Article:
John: For the budget, and this kind of goes back to that conversation we had about the heated floors a few episodes ago, I think we also realized in this pursuit of getting the right items and picking the right finishes, we realized that spending more does not necessarily equal higher satisfaction. Like if you had asked me and Sherry a year ago about this bathroom renovation, we would have said, like, we waited so long for this. It’s our main bathroom. We’re going to treat ourselves and splurge at every turn. Like we wanted the ultimate luxury for an en-suite bathroom that you could get here.
Sherry: And we’re planning to stay here for a long time, so it would be money well spent, it would hold the value in blah, blah, blah. We would have told you all of that. But in practice, we’re actually finding a lot of comfort in not super stretching the budget. Like the example of the tub again, yes, I could have bought a $1000 or $2,000 tub – but I like the $500 one. I don’t need to reinvent the wheel and play psychological games with myself to spend more to feel like I’m giving myself a bigger gift.
John: Yeah, I think we just realized when it came down to actually purchasing things when presented with the more expensive option, that didn’t feel better to us.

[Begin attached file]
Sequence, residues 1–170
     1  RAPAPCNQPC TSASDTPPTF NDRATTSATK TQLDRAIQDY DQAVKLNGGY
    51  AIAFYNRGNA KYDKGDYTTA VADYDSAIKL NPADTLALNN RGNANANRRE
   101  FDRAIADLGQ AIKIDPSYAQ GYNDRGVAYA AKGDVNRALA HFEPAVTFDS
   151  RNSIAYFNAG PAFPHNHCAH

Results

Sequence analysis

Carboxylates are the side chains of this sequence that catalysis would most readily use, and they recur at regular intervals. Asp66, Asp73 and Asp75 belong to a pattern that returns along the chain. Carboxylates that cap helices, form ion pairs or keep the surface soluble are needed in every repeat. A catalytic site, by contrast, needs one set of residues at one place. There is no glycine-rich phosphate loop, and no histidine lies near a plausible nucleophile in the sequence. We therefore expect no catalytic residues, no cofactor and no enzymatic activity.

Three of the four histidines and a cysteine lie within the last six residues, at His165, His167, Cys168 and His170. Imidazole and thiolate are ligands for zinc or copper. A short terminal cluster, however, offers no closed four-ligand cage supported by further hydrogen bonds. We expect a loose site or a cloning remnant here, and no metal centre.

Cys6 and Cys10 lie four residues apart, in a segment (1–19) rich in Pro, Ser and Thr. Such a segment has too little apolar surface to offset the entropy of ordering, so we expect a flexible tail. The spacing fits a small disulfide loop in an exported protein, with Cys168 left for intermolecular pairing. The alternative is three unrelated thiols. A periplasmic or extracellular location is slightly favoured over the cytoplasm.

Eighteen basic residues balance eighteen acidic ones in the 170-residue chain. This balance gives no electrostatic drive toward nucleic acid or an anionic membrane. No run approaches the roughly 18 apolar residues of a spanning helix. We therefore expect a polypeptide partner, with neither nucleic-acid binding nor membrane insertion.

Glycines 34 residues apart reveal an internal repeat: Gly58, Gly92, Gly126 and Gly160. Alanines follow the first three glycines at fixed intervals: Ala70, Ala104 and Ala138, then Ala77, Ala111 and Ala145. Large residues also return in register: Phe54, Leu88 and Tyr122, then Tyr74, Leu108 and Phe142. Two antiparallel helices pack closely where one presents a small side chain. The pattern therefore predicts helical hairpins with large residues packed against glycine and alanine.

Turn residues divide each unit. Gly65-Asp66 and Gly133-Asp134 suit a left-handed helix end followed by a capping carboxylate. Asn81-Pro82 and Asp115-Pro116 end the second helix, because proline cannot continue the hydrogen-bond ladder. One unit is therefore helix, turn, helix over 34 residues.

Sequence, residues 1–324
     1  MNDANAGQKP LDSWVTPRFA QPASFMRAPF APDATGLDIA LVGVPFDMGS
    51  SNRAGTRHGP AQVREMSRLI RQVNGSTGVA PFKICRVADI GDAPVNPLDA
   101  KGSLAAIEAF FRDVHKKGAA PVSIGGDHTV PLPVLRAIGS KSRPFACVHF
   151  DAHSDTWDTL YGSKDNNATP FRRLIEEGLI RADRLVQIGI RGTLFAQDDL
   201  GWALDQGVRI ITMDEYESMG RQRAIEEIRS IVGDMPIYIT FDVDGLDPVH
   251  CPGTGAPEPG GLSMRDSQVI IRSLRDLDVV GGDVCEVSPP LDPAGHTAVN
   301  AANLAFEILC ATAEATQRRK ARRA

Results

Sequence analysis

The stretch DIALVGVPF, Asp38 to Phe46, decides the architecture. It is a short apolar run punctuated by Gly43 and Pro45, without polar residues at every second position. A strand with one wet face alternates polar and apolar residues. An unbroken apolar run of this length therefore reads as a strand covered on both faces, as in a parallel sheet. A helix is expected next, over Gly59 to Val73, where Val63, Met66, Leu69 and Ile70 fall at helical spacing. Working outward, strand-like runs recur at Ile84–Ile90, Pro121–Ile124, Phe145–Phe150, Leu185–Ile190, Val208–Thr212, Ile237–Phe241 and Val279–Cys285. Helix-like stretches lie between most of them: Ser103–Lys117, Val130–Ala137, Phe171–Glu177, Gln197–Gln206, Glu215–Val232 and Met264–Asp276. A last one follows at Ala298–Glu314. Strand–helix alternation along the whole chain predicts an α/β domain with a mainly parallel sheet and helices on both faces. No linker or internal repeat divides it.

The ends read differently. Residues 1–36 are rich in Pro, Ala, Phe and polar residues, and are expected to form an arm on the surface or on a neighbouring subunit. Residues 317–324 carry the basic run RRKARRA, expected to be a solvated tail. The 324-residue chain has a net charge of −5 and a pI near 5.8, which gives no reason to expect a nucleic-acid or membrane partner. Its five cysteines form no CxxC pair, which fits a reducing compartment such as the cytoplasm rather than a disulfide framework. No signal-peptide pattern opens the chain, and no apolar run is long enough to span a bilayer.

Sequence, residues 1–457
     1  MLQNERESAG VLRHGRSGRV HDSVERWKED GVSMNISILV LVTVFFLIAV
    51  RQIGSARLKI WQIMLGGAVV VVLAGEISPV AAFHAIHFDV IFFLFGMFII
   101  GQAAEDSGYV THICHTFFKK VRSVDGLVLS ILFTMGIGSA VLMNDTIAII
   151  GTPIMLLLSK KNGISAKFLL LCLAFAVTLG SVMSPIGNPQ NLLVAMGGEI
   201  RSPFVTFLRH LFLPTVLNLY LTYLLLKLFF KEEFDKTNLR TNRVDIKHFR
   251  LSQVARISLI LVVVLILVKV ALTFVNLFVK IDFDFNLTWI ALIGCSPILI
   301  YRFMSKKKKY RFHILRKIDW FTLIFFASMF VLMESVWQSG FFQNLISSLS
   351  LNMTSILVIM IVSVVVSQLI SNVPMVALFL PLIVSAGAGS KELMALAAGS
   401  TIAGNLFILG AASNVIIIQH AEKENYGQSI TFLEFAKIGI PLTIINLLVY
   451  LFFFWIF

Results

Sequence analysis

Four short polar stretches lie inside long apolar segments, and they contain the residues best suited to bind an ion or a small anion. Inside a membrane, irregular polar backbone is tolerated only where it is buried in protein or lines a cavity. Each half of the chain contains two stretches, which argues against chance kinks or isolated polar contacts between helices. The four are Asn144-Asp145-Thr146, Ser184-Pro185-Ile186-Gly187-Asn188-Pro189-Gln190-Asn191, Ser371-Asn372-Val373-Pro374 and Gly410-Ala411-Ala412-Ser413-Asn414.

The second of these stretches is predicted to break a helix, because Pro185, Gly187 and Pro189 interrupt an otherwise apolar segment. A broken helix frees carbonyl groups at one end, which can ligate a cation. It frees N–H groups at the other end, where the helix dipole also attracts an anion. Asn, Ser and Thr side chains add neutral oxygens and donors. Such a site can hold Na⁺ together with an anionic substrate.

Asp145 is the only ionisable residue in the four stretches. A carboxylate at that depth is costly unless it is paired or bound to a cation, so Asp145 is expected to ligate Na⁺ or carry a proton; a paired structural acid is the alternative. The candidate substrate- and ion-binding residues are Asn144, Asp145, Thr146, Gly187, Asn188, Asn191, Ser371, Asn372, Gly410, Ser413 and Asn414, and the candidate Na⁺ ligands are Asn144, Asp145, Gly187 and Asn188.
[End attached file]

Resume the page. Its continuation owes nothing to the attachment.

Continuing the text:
Sherry: And it didn’t always mean it would be better.
John: Right. That’s certainly true.
Sherry: I found tubs more expensive that had lower reviews, you know, like money doesn’t always equal better.
John: Yeah. And I think that doesn’t mean you shouldn’t splurge when you want to or when you think it’s needed. But we realized that there’s no point in just spending lots of money or buying the biggest ticket item because it makes you feel like you’re doing the better thing or the right thing. There are so many things that we’ve picked for this bathroom that are not the most expensive option. You know, we got a store bought vanity, not a custom vanity. We’re buying pre-made tiles, not handmade tiles. Like maybe some of those things would make or break the difference between how much some other people enjoy their bathroom, but it’s not going to make or break how we enjoy our bathroom.